Smardale and Viaduct

Smardale and Viaduct

Smardale Limestone Quarry

Smardale Limestone Quarry and Abandoned Railway Cottage

Finally I dropped down off the moor and onto farm land where I could see Kirkby Stephen below me. I had already made a decision to stay at a hostel for the night to enable me to dry everything out and I walked into the village looking forward to sleeping in a bed.

Approaching Kirkby Stephen

Approaching Kirkby Stephen

At the hostel, a disused Methodist Chapel, I was greeted by Denise who immediately asked, ‘Would you like a cup of tea?’ – after 22 miles of tough walking in wintry weather, this was the best thing she could have said :) ! Whilst I was sat enjoying my drink on the sofa, an equally wet Stuart, my walking buddy from a few days ago, walked in. It was good to catch up and we agreed to walk together again tomorrow.

I hoped the weather would improve by then!

Day 7 – Kirkby Stephen to Keld – 13 miles

I was up at 6.30am after a great night and I looked out of the window to see SUNSHINE :) ! Sigh, it wasn’t to last!

After a continental breakfast, Stuart and I left the hostel at 8am and almost before we had left the town, the rain started again. In fact we were to walk in gale force winds, driving sleet and below freezing temperatures for most of the day, often knee deep in water – it could easily have been a mid-winter day, such were the conditions. The last mentioned was not really a surprise as the guide book warns that the one thing most people remember about this day is the peat bogs that have to be negotiated!

Leaving Kirkby Stephen

Leaving Kirkby Stephen

This was to be the day we were to climb up over the Pennines and move from Cumbria into North Yorkshire and I had really hoped to pass Nine Standards Rigg, the series of cairns at the summit, on the way. As it happens, I was once again foiled by the conditions! Battling against the strongly gusting wind and stinging sleet, and with freezing hands, it just didn’t make sense to climb over the high point with poor visibility.

Rigg Beck

Rigg Beck

Dropping down to the road, we had some easier walking for a time…..at least, there was solid ground under foot :) ! I paused for a photograph – well this was something of a milestone as I was entering Yorkshire and this evening I would be at the half way point of the walk.

Spring Weather!

Spring Weather!

This area is of course the Watershed where many rivers spring so there were becks aplenty. In fact the map shows a whole spiders web of blue lines. It was also an area of disused and abandoned buildings such as the one in the pictures below. I often think it is such a waste when there are homeless people, but in these conditions, maybe no-one would want to live there.

Beck Meetings - The Pennines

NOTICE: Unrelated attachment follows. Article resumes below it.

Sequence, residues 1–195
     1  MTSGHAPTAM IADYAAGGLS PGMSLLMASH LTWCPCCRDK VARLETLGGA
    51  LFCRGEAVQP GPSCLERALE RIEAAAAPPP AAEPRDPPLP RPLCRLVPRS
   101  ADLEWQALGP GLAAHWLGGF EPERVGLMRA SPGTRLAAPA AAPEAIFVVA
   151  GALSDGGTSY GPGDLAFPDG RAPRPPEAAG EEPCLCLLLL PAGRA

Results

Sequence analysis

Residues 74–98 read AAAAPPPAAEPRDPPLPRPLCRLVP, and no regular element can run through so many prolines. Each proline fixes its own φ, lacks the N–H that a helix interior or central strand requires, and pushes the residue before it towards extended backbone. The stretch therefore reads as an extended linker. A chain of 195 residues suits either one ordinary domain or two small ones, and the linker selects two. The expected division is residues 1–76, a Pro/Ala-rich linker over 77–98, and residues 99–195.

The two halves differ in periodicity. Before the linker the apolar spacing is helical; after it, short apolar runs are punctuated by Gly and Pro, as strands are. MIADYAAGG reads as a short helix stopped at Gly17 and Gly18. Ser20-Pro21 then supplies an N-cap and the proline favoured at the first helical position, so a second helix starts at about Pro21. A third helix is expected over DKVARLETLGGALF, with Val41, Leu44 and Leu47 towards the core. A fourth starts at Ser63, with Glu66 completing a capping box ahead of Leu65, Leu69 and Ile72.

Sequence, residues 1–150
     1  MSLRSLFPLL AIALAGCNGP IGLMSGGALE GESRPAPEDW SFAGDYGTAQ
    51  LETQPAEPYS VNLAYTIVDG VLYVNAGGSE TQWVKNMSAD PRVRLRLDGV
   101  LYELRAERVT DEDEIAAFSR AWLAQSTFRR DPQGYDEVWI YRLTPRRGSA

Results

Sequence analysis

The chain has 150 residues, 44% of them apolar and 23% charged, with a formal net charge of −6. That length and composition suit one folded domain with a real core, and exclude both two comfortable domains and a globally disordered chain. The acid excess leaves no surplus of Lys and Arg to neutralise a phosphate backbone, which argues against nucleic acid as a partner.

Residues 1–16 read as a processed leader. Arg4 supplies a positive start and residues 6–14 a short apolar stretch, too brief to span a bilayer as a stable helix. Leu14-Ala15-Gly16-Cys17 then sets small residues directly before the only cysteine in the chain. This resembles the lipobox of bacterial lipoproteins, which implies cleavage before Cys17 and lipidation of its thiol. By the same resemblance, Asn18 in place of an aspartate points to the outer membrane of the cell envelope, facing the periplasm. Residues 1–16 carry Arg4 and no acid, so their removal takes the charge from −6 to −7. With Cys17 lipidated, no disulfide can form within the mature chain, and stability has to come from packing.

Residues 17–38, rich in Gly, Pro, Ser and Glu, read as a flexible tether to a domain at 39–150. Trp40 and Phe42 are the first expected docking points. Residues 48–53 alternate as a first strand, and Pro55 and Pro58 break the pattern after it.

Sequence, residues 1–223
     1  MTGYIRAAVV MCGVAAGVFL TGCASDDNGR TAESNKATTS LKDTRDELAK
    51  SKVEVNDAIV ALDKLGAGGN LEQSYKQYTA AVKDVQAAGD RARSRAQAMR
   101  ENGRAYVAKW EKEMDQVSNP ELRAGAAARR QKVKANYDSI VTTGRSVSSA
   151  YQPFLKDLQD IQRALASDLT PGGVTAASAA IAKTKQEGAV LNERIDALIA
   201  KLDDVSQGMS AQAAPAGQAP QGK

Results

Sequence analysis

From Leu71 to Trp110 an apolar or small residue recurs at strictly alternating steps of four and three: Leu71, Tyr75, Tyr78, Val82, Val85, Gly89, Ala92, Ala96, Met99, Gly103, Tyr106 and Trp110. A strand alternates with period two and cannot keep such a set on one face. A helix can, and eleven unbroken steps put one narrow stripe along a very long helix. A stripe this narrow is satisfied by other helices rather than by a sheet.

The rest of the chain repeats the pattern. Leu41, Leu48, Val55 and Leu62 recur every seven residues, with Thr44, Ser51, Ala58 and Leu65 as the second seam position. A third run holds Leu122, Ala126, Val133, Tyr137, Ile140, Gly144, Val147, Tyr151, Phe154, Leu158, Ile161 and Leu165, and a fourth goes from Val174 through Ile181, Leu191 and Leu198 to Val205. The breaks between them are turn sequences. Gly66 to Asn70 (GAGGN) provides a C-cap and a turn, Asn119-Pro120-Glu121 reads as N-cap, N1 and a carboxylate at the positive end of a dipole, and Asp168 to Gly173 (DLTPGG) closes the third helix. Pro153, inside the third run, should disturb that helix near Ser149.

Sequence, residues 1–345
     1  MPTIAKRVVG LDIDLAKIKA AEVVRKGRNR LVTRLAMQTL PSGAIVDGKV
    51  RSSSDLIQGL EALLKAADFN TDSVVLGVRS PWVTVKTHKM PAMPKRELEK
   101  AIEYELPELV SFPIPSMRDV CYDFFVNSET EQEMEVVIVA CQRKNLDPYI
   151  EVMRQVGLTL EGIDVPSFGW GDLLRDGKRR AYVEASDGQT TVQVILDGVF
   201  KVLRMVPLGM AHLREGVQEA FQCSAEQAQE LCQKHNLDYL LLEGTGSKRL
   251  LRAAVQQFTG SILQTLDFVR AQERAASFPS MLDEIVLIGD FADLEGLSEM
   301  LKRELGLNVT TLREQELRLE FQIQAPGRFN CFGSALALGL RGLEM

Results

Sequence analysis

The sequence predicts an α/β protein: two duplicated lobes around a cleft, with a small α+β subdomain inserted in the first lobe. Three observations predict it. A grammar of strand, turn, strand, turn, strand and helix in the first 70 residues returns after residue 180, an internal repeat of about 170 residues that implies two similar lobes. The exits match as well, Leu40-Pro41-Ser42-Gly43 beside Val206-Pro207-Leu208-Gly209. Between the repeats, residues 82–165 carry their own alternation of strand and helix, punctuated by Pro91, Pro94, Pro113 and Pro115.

Beck Meetings – The Pennines

Beck Meetings - The Pennines

Beck Meetings – The Pennines

Unfortunately, the comparatively easy walking came to an end all too soon and we had to leave the road again to strike out across the moors. It probably goes without saying that route finding across the moors was not easy and at times, well most of the time, it was difficult to tell the indistinct paths from streams. We often found ourselves just trudging across open moorlands knee deep in water trying to follow the little line on the GPS. Two heads are better than one though and we managed to avoid straying too far. I did wonder though what would happen if the mist came down!

The birds seemed to have less problems than us :) ! Lapwings were everywhere, as were grouse – strange and funny creatures aren’t they! They always make me smile as they rise up from the ground making comical noises. Clearly they were unaware of what the grouse butts were for otherwise they would have made their escape. We could hear many waders too, including the plaintive cry of the curlew.

Crossing the swollen becks was fun at times!

Wot, No Bridge!

Wot, No Bridge!

There were other less comical creatures too, like the Swaledale sheep. These are totally functional – tough like the earlier Herdwicks, and great for keeping on these high moors with the sparse vegetation.

Swaledale Sheep

Swaledale Sheep

As with yesterday, things improved as the end of the day neared. Firstly the rain stopped and the day brightened up, and then Ravenseat came into view, but best of all, at the farm there was a sign advertising cream teas :) ! After all that the weather had thrown at us, how could we resist :) !

Ravenseat

Ravenseat

It was a delight to sit in the barn out of the wind with a hot drink and a scone laden with jam and cream. Despite the weather, there were others there although not walkers.

Ravenseat is a sheep farm at the head of the Swaledale valley run by Amanda Owen, the Yorkshire Shepherdess, and her husband. Amanda, a TV presenter and author as well as farmer and cream tea provider :) has written a book about her life and how she changed from city girl to shepherd. She told us that she had recently sold the film rights to her book. In addition to all the other things that she does, she has found time to give birth to seven children with number eight due soon. She was a great host and talked non-stop while we were there, telling us all about life on the farm.